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I'm writing unit tests for ASP.NET MVC controller methods.

Those controllers have a dependency on IMapper - an interface I've created to abstract AutoMapper, passed in via constructor injection using Castle Windsor.

Action methods use IMapper to map from domain objects to ViewModel objects and back again, aiming to keep things DRY and keep action methods succinct.

In my unit tests, should I

  1. Configure AutoMapper with the correct bindings (they're built using AutoMapper profiles, so testable and reusable between website and unit test projects) and pass that in as a proper AutoMapper implementation of IMapper.

  2. Pass in mock objects (I'm using Moq) for the IMapper instance, depending on the test (this would mean duplicating some work in the test setup code to make sure the objects returned from the mock mapper relate to the objects the mock mapper is pretending to map).

  3. Hand-configure AutoMapper with just the mappings I think I'll need for each test (lot of work and means I'm not testing the mappings that will really be in use).

What's the opinion on using infrastructure code in unit tests? At what point does it become an integration test (i.e. testing integration of AutoMapper and my controllers)?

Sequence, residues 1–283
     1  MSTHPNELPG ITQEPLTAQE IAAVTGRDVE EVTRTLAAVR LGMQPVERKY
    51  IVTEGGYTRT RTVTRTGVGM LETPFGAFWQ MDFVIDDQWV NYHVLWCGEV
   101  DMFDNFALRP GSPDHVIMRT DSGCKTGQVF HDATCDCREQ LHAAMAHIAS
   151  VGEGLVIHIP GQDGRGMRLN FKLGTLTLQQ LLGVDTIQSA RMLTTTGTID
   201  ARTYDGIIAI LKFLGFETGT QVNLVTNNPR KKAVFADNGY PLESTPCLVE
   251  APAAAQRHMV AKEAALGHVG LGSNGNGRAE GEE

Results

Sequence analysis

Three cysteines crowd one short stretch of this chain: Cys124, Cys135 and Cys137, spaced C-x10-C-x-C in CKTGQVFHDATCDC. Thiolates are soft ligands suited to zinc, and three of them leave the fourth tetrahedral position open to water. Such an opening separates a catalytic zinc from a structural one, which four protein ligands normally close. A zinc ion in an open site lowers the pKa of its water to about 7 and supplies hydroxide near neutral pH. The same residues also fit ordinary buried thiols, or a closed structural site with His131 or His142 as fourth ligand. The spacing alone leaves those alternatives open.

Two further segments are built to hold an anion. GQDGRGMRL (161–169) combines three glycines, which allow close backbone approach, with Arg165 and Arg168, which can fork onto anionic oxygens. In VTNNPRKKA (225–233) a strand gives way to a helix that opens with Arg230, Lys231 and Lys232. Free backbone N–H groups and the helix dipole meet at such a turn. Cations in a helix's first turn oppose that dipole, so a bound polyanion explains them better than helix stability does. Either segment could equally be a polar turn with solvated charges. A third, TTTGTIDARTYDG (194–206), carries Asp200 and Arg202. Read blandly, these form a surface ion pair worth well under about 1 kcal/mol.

It feels like 2 is the purist view, though I think I need to learn more about Moq and how to get it to return values that relate to the actual values passed into the methods that it's mocking.

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2 Answers 2

up vote 6 down vote accepted

I could tend to agree with #2. You know automapper works, you know your injection works ( got tests for that right? :-) ) I would focus more on specifics, things that aren't just SomeClass.Property = AnotherClass.Property -- THOSE special cases should be tested not basic copy functions. Don't test framework stuff.

As for more test code - I feel that's completely ok. Tests should be setup within the given tests (also within reason) for just that given unit.

Regarding Moq, syntax is easy, don't overthink it. var obj = new Mock(); then set your properties like obj.Setup(x => x.Property).returns("hello") unless you have a more specific issue? Moq also has setup all properties on it as well, so you may not even need automapper

-edit- found it, it's obj.SetupAllProperties();

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I'm in favour of #2 like jeriley

Adding to the Moq, if you need to return an object based on values passed to it you can write your setup like so:

mockObject.Setup(x => x.MapObject(It.IsAny())
          .Returns((ProductDto productDto) => 
               var product = new Product()
                   Id = productDto.Id,
                   Name = productDto.Name

               return product

Little bit messy but handy.

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if you're using a repository pattern, may I point you to ...… -- use the last two files or use it as a full example :-) – jeriley Jan 12 '11 at 13:23

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